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United States v. Demichael

decided: October 29, 1982.

UNITED STATES OF AMERICA, PLAINTIFF-APPELLEE,
v.
CARL A. DEMICHAEL, DEFENDANT-APPELLANT



Appeal from the United States District Court for the Eastern District of Wisconsin. No. 80 CR 146 -- Robert W. Warren, Judge.

Wood and Posner, Circuit Judges, and Dumbauld,*fn* Senior District Judge.

Author: Dumbauld

DUMBAULD, Senior District Judge.

After a jury was selected and sworn, defendant and the prosecution negotiated a four-page handwritten stipulation or "agreement of the parties with respect to the disposition of the above-captioned matter." This agreement provided that "plaintiff and DeMichael have entered into a [sixteen-page typed] stipulation of facts and expected testimony which the Court may consider in determining the defendant's guilt or innocence on Count 1 of the superceding [ sic ] indictment in this case." Defendant DeMichael signed both stipulations and in open court confirmed and agreed to the four page handwritten stipulation filed on his behalf by his counsel Waring R. Fincke. (Tr. 85-86).

It should be noted that the agreement made by defendant DeMichael envisaged "disposition" of the case. That was to be accomplished by a determination by the Court regarding "the defendant's guilt or innocence on Count 1" and in making such determination the Court was to "consider" the "stipulation of facts and expected testimony" contained in the 16-page typed stipulation.

The reason the Government agreed to disposition of the case in this matter was its desire to obtain restitution for the victim of the fraud. This relief was not obtainable through a conventional jury trial but required voluntary action by the defendants. The Court co-operated by agreeing to postpone the date of sentencing in order to give defendants time to raise the money. The agreement anticipated conviction by the Court in a non-jury trial; in fact the State of Wisconsin's agreement to refrain from further prosecution was conditioned upon a conviction at the trial level, either by jury trial or non-jury trial. In the event of a reversal on appeal, Wisconsin would accept that outcome and observe the agreement not to prosecute further. But in the event of acquittal at the trial level the State would be free to take further action.

All parties agreed that the contentions raised in defendant's pre-trial motions (and post-trial motions if needful under the rules to preserve the points on the record) were preserved for consideration by the Appellate Court. This, indeed, was DeMichael's chief concern and principal defense. The stipulated facts sufficed to establish his guilt of the home improvement fraud with which he was charged; his reliance was on the defense of "vindictive prosecution" and violation of a prior plea agreement and double jeopardy.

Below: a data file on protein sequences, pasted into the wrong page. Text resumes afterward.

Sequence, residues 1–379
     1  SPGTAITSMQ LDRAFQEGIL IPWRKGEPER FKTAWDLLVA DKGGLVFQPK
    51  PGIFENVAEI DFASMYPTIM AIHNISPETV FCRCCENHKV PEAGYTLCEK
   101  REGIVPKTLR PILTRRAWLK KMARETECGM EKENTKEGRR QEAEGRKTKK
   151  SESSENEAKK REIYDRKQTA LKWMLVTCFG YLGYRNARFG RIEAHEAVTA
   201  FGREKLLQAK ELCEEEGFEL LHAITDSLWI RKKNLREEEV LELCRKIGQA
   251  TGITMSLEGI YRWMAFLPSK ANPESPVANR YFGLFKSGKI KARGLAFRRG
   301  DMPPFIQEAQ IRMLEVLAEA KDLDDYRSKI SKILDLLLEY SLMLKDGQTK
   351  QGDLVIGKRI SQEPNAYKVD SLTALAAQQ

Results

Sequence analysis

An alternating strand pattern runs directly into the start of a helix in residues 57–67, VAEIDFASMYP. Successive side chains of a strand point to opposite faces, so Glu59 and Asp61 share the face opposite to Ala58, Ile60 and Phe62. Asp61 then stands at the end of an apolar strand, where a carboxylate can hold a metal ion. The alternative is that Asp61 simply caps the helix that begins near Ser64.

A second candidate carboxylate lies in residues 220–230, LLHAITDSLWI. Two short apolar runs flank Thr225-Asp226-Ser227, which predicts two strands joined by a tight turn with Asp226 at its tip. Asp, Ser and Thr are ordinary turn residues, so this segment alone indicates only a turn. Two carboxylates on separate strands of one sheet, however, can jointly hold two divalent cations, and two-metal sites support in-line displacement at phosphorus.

Since the jury had been sworn in the case at bar, the Court insisted upon elimination of the double jeopardy issue with respect to the instant proceeding; and also insisted, since the jury could not be held in abeyance indefinitely, upon prompt disposition of the case either by stipulation or by jury trial.

Accordingly, after the stipulations had been filed, the Court discharged the jury, and after a recess to review the evidence, proceeded in a non-jury trial to "adjudge Defendant, Carl DeMichael, guilty as charged in Count 1 of the indictment."

From the foregoing summary gleaned from the transcript, it seems clear that the defendant knowingly and intentionally waived his right to jury trial. The contention in this Court to the contrary is an obvious afterthought. He sat through and took part in steps specifically designed to eliminate the impending jury trial, and empower the Court to dispose of the case on the basis of stipulated facts, preserving for appellate review the defenses upon which he really relied. Cf. U.S. v. Kopel, 552 F.2d 1265, 1274 (7th Cir. 1977).

DeMichael had been involved in prior State and federal prosecutions for home improvement frauds, and had discussed the case at bar thoroughly with able counsel. On July 25, 1980, as his brief shows, he entered a plea to five counts in a federal prosecution in the Northern District of Illinois at No. 80 CR 285. To postulate his ignorance of the nature of his rights with respect to jury trial would require a wild flight of imagination. There is no basis for finding any harmful error injurious to DeMichael.

It is true that we feel misgivings in the departure from the normal practice of requiring that jury trial be waived "in writing with the approval of the court and the consent of the government" in accordance with FRCrP 23(a). In substance and fact, however, there was a waiver in writing, signed by the defendant, and approved by the Court and the Government. It would be adhering to form over substance, in view of the circumstances of the case at bar, to insist upon an additional separate piece of paper and further colloquy.

We think it proper to emphasize, however, that the proper practice, which should uniformly be observed in the absence of unusual circumstances, is as stated in U.S. v. Scott, 583 F.2d 362, 364 (7th Cir. 1978).

We turn now to DeMichael's real arguments as developed in the pre-trial motions which were preserved for appellate review. The first point is "vindictive prosecution." This contention merely asserts that the instant prosecution in Wisconsin is precluded because it was instituted after two State prosecutions in Wisconsin (apparently relating to robbery of an apartment, see 91 Wis. 2d 847 and 96 Wis. 2d 232) had been dismissed, and the orders of dismissal later reversed by the Wisconsin Supreme ...


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